Thursday, June 8, 2017

Glass-Steagall Hail Mary Falls Short–Quietly, With Dems’ Help–as Dodd-Frank Repeal Advances to House Floor

An ambitious bid to replace Republicans’ Dodd-Frank repeal proposal with legislation restoring Glass-Steagall was defeated on Tuesday.

The House Rules Committee voted down the bipartisan Glass-Steagall restoration bill before advancing the push to washout financial reforms passed after last decade’s massive banking collapse.

The move, which wasn’t unexpected, means that the lower chamber will likely go ahead this week with considering conservatives’ Dodd-Frank replacement.

While Democrats on the committee asked for a roll call vote after the Dodd-Frank repeal advanced along party lines, they did not ask for votes to be recorded after the Glass-Steagall motion failed, signifying that the party did not want to attempt to embarrass those who voted against the proposal.

Glass-Steagall refers to Great Depression-era legislation, which segregated retail and investment banking. It was fully repealed by Congress and the Clinton administration in 1999.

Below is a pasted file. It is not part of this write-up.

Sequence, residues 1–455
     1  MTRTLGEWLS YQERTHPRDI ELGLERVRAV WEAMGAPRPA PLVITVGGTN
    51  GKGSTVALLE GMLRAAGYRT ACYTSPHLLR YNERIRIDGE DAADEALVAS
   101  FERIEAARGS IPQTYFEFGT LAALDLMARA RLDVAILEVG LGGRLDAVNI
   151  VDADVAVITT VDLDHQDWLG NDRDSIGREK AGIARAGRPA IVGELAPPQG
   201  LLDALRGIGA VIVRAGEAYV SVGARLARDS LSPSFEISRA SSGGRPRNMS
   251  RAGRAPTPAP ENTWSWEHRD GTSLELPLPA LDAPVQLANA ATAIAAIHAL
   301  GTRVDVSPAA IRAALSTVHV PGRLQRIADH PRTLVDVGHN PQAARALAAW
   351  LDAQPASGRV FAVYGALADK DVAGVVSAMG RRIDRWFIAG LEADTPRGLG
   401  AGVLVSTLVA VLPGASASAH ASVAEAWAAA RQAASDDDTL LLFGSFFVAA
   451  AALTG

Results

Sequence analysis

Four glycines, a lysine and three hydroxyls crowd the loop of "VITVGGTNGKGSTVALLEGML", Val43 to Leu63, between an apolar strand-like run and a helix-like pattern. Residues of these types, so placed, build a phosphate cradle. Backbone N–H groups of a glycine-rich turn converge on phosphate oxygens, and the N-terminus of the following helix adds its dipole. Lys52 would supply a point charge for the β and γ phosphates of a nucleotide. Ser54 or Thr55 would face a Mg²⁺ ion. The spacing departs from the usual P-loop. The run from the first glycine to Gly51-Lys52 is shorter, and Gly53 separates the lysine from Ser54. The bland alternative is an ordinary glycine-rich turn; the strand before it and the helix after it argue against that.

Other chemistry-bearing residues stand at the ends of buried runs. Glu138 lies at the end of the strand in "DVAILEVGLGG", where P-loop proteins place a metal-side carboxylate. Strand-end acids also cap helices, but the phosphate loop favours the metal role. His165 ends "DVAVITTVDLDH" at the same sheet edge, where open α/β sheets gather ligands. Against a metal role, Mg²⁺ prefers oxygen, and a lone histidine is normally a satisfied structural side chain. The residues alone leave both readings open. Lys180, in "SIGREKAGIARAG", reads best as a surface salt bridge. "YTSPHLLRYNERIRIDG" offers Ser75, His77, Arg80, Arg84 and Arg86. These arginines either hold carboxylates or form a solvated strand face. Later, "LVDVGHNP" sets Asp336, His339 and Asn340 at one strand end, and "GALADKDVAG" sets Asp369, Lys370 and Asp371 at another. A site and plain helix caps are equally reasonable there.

Dodd-Frank refers to the 2010 law that created new mechanisms to oversee the banking sector. Republicans’ repeal bill, called the CHOICE Act, would take independence away from the Consumer Financial Protection Bureau and entirely rebrand the watchdog as the “Consumer Law Enforcement Agency.

The CHOICE Act would also nullify provisions of Dodd-Frank that allow regulators to break up failing banks without bailing them out. It would also exempt banks from many Dodd-Frank rules on prudence, if they can satisfy certain requirements on equity injections from investors.

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